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This post is based on our podcast episode with Riikka Söderlund. Riikka is a SaaS marketing expert and the CMO of Katana, a Tallinn-based startup that has raised over 50m€ in funding.  You can watch the entire conversation here.

1. Measuring what’s working

Attribution has been all the rage for a long time, with many tools and services promising to help companies answer the age-old advertising quip “Half the money I spend on advertising is wasted; the trouble is I don’t know which half.”

Riikka highlights the importance of a holistic understanding of attribution, rather than relying only on software tools or simplistic models. A deep understanding of the business model must be the starting point. Factors such as buying persona, average contract value, buying cycle length, and number of touchpoints have a huge impact on how performance should be measured.

Before attribution can even become relevant and a tool for better marketing decisions, there needs to be a proper understanding and alignment on the calculation of key metrics such as customer lifetime value (LTV) and customer acquisition cost (CAC).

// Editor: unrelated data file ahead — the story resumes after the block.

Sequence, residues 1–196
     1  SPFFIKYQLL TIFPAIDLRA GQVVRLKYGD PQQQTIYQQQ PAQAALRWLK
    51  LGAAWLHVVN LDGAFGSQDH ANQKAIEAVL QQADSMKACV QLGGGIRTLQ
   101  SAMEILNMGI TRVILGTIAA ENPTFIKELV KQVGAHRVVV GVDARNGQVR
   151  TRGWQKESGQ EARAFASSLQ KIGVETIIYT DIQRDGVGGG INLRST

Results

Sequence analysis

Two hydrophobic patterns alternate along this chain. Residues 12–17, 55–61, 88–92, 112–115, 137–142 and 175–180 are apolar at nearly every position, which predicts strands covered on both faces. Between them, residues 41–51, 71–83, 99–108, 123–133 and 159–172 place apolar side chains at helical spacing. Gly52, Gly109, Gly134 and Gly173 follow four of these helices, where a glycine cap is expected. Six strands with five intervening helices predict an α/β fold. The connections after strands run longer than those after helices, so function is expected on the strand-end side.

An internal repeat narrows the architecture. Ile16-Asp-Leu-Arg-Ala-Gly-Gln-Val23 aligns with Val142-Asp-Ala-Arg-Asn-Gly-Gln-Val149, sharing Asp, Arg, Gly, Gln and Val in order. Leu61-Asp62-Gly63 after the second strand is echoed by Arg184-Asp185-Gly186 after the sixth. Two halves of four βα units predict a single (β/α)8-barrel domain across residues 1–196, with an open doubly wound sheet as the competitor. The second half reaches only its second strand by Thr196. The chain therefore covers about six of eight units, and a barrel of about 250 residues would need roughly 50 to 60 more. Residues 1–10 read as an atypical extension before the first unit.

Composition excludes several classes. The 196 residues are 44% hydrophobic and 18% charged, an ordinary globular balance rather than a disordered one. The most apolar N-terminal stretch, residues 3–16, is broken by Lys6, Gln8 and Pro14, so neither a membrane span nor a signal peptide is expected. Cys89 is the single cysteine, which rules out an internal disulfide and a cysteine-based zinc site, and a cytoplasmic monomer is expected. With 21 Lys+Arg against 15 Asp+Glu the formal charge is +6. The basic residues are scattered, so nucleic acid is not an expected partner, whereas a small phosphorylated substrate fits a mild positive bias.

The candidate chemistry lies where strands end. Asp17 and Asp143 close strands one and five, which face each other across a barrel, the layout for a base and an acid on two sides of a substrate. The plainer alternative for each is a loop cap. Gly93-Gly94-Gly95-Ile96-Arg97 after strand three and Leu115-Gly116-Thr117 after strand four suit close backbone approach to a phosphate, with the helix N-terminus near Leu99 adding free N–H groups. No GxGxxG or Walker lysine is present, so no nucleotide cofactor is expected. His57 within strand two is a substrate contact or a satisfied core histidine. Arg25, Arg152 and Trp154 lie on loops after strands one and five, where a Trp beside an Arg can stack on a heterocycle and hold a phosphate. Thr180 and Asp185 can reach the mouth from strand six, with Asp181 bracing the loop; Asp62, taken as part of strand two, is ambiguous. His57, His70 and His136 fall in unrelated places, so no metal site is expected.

It’s also crucial to understand the purpose of various marketing initiatives and measure the performance accordingly. For example, the objective of a social brand awareness campaign is very different from a search ad campaign.

2. SaaS metrics that matter

There are several key metrics that are important to track when it comes to SaaS marketing.

The lifetime value to customer acquisition cost ratio (LTV:CAC) is crucial, but it shouldn’t be the sole focus for growth-oriented companies. For example, at Katana they shifted from tracking free trials to closed-won customers, reflecting marketing’s impact on the entire customer journey and its role in generating monthly recurring revenue (MRR).

Riikka also highlights the importance of churn, as it affects LTV and overall business health. She points out that marketing should be involved in the entire customer lifecycle, including re-engaging lost customers, to prevent churn and maximize revenue generation.

3. Choosing her next marketing role

After leaving her role as VP of Marketing at, Riikka was looking for her next job. To help narrow her options, she came up with three criteria.

First, she wanted a company with a positive culture, where the management is genuinely commitment to its employees and the overall mission. Riikka points out that this is often preached, but seldom practiced.

Second, Rikka looked for a role where marketing was a key business driver. She wanted a position where she wouldn’t have to constantly justify the role of marketing but could instead focus on contributing to business growth

Third, she wanted a company where the available resources matched the desired outcome. Riikka highlights the unrealistic expectations often placed on marketers to achieve ambitious growth targets without corresponding resources.

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